4 Questions for a Sports Dietitian (Part 2)

September 26, 2017 , , ,

We asked our people on Facebook if they have any question to ask a Sports Dietitian. Here are the most interesting questions with answers by Kathryn Adel, Sports Dietitian. To read part 1, click here.

Question #3: What are the best foods to eat after training?

– Aurore L.

What you should eat after training depends on the duration and intensity of the workout. After a low intensity training session lasting less than an hour (for example walking), it isn’t necessary to eat. However, after a high intensity training session lasting an hour or more (like squash, tap dancing and Zumba), it is a good idea to eat a snack or meal that contains carbohydrates and protein to maximize your recovery. Carbohydrates help you restore your energy stores and protein helps repair muscle.

If possible, try to eat a full meal as quickly as possible (within 2 hours following the workout). If that isn’t possible, opt for a snack that contains both carbohydrates and protein. How much depends on the type of sport, your unique needs and the frequency of training. You can combine foods, for example: dried fruits and nuts, crackers and cheese, or yogurt with fruit.

Question #4:  What should I eat during a competition or tournament that lasts an entire day?

– Geneviève H.

When you have several competitions or tournaments in the same day, it is important to plan your meals and snacks. What to eat depends on the time you have between events. If the break is short (under an hour), choose a snack that will give you a quick burst of energy and that is easy to digest, like fruit sauce or fig bars. It is also important to properly hydrate; a sports drink (homemade or shop-bought) is recommended.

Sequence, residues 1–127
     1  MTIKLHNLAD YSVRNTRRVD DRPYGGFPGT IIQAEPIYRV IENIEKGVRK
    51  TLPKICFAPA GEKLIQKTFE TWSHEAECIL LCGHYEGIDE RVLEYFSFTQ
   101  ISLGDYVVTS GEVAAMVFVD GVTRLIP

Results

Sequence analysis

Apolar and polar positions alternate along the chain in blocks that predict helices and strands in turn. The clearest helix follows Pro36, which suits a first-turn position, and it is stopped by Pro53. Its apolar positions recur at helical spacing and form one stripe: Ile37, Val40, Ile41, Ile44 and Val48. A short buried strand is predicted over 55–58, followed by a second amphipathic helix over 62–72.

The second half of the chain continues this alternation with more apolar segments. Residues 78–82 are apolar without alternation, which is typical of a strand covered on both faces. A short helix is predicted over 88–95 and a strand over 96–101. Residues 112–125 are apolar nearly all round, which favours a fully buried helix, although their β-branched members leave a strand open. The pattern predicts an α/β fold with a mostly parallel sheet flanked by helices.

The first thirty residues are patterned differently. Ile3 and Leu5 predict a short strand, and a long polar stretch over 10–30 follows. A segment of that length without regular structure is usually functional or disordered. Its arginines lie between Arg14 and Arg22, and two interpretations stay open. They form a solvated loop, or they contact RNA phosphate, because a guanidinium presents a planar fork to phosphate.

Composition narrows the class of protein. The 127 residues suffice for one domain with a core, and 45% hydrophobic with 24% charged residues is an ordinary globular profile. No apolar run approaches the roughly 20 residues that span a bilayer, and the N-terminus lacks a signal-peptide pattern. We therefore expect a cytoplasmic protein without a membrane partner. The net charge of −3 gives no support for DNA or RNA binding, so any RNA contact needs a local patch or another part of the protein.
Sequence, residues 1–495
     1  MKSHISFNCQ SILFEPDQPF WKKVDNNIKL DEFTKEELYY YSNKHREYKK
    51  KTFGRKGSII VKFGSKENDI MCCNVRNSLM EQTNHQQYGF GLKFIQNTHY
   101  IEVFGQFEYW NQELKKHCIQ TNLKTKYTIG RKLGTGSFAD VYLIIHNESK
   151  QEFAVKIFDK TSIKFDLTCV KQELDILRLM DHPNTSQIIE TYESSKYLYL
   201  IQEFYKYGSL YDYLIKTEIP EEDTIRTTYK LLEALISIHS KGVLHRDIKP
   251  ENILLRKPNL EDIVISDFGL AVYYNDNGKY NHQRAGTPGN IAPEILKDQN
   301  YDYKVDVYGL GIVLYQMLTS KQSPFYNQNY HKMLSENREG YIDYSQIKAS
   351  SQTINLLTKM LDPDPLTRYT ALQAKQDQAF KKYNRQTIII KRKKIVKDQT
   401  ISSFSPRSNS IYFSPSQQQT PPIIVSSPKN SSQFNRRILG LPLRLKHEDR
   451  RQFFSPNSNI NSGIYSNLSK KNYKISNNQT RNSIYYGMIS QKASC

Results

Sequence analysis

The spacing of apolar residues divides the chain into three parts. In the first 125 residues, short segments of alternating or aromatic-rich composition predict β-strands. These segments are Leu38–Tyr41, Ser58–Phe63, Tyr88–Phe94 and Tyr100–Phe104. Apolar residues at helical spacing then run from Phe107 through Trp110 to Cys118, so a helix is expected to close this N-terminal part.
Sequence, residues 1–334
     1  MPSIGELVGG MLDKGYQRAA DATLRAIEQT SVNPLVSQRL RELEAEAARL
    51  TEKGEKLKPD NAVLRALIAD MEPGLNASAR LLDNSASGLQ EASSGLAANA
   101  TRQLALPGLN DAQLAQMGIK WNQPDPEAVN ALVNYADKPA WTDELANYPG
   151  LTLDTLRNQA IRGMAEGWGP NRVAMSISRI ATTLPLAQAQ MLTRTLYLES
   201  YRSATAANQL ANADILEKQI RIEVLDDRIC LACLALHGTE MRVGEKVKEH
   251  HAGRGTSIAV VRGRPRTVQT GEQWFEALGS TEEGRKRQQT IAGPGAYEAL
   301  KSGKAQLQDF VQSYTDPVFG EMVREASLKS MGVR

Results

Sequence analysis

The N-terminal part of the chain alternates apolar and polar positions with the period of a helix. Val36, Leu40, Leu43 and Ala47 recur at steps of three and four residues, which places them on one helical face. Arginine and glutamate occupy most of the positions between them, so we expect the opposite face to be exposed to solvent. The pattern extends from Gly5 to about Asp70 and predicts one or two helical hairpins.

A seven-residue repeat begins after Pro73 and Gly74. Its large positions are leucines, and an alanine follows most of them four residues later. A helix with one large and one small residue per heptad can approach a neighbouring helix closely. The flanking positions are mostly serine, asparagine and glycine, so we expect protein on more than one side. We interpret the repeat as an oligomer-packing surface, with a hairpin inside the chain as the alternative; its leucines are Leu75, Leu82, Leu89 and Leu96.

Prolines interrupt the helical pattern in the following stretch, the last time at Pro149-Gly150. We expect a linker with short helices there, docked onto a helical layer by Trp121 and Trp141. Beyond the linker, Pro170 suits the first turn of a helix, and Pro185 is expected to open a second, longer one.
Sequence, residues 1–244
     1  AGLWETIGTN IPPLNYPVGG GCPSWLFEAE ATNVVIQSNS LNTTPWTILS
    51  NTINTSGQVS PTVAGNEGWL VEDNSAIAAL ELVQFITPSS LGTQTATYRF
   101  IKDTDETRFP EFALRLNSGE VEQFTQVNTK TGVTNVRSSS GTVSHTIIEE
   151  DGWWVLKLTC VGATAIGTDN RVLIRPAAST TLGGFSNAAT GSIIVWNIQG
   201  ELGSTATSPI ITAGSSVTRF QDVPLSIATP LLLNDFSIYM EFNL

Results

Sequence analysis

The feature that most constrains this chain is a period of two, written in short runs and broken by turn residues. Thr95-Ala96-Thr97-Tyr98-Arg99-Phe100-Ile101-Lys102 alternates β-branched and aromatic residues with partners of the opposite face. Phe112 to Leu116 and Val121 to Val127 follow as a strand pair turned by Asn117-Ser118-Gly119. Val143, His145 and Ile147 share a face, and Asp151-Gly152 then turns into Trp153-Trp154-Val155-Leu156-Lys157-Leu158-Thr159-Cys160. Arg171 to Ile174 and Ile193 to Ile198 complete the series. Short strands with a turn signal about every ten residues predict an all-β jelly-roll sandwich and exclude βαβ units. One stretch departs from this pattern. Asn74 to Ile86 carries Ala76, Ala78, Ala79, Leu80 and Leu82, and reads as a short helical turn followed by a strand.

If you have more time between events, you can opt for a more satiating snack, containing both carbohydrates and protein. This combination restores energy and allows the muscles to recover more rapidly. You can combine different foods, for example: dried fruits and nuts, crackers and cheese, or yogurt and fruit. If you have 3 hours or more, you can eat a full meal, containing mostly carbohydrates, a moderate amount of protein and not too much fat, like a meal you would eat before a training or a competition. Here are some examples:


Kathryn Adel
Kathryn completed degrees in kinesiology and nutrition, as well as a Masters in Sports Nutrition. She is a member of OPDQ and of the Academy of Nutrition and Dietetics. She ran track and cross-country at a national level. Kathryn specializes in sports nutrition, weight loss, diabetes, as well as heart and gastrointestinal health. Kathryn is experienced with the low FODMAP diet and she completed the Monash University low FODMAP dietitian's training.

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